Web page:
DARTH VADER WOULDN’T LOOK OUT OF PLACE ON THE NEWLY REVITALISED DARK CUSTOM RANGE
If there was one thing a Japanese police officer would not have expected in typhoon-stricken Tokyo, it was a gang of Harley-Davidsons ridden by foreigners.
We were journalists, there for the launch of the 2016 Dark Custom range — the updated Forty-Eight, Iron 883 and Street 750.
Why Tokyo? There isn’t a better place in the Pacific Rim to put the urban-focused Harleys to the test.
Even without a typhoon ...
Starting the updates was the Street 750. Last year’s bike had woeful brakes; Harley got the message and fitted a huge 300mm Brembo-sourced unit to the front, which has greatly improved feel and ability. The wiring loom has also been tidied up and is more aesthetically pleasing.
We don’t get the 750cc Revolution X motor in NZ. The 500cc LAMS-approved version is silky smooth and well matched to the baby Harley. It does lack the character that the air-cooled units on the 883 and Forty-Eight are blessed with. The suspension was a bit unrefined but, being the entry-level bike, concessions have to be made to keep prices down.
The Iron 883, designed by Dais Nagao, has been revitalised with a new factory bobber look. Drawing inspiration from garage-built bobbers past and present, the new model is chopped, drilled, and intentionally a little raw and rough around the edges to give it more authenticity.
It’s a look that really works, with a blacked-out engine and exhaust, drag-style handlebars and a solo tuck-and-roll seat making for a mean-looking bike — a deserving refresh as the former “piglet” of Harley’s range has a new little brother. Nagao gave his reason for the styling: “It’s always been my vision that this bike will look better with some dirt or patina. It’s quick and nimble and encourages the rider to be aggressive.
“As it’s ridden it may get some scuffs, scratches or other character marks. We can’t do that at the factory. That’s the privilege of the owner and becomes part of the story of the bike.” I asked who he had in mind for riding the bike. “I like to think of Darth Vader,” was his response. His answer makes a lot of sense.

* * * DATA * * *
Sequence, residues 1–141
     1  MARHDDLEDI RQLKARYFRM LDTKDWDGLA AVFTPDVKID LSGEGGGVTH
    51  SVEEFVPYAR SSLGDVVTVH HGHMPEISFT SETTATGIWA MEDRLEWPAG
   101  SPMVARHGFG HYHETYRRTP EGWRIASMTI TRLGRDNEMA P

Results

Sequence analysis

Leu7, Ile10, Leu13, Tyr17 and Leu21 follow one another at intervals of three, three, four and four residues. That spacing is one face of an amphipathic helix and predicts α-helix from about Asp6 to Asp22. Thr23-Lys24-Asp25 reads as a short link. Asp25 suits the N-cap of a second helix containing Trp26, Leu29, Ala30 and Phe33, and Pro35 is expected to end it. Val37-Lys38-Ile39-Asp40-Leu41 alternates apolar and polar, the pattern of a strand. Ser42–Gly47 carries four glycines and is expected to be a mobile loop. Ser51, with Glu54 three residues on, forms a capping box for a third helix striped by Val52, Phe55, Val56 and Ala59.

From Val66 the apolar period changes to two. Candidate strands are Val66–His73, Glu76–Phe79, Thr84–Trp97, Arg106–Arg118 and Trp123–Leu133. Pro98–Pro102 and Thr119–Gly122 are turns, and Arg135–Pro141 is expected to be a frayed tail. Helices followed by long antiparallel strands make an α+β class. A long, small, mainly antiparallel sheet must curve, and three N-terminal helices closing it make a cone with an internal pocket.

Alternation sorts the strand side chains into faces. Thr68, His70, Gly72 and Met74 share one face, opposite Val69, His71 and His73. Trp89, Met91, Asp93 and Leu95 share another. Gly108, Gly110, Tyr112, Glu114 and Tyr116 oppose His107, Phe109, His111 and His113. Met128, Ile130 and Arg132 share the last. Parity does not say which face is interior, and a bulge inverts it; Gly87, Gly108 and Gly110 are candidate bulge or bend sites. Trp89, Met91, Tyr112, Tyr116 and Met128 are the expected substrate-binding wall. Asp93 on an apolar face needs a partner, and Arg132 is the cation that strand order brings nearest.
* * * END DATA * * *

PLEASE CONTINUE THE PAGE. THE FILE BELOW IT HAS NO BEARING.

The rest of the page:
Everyone likes to play on the stereotype that Harleys are the ultimate mean machine, and no rider can be meaner than the American Film Institute’s third-best movie villain of all time.
Ride and handling are improved by new cartridge-style forks and a set of new emulsion rear shock absorbers with progressive-rate springs and a threaded pre-load adjustment collar, which makes it easy for the rider to dial in shock performance to match road conditions.
The Iron 883 handled well in the terrible weather conditions
That extra handling prowess meant the world to us when riding the wet and windy streets of Tokyo as Typhoon Etau landed and authorities advised nearly one million people to prepare to evacuate.
Riding in such conditions might seem stupid, but when our hosts gave the option of bowing out or taking the hardcore “no typhoon is stopping me” stance, every journalist ticked option B.
Leaving from Tabloid, a warehouse-cum-bar on the shores of Tokyo Bay, we had our pick of the three Dark Custom rides to start. I’ve lusted after a ride on the brilliantly styled Forty-Eight since it launched and found an olive green example near the back of the pack. The Forty-Eight has received new 49mm Showa forks and massive triple clamps giving the front end a much weightier look, as well as improving the handling. Similar shocks to the 883 are found on the rear with the same level of adjustment and ease of use. It is arguably one of Harley’s best-looking bikes, with a silhouette designed to emulate the classic 1948 Harley-Davidson Panhead, with big 130mm front tyre and low and light rear end.
Mathieu Day riding the Harley-Davidson Forty-Eight in Tokyo.
“The big front wheel is like a steamroller coming down the street, and we went with the smaller round steel air cleaner and some chrome on the exhaust to draw your eyes to the engine,” says lead stylist Ben McGinley.
Riding it through the wet streets, you’d think that big front end would be tiring and heavy, but you’d be wrong. The Forty-Eight was a comfortable ride around a huge city.
Touring will be problematic thanks to the tiny 7.9-litre tank, but that is such a large part of the visual appeal. For touring you could buy a spare tank from Harley’s 10,000-plus parts catalogue.
Of course, keeping an eye out for fuel/coffee stops can be a fun way of meeting people — and showing off the Forty-Eight.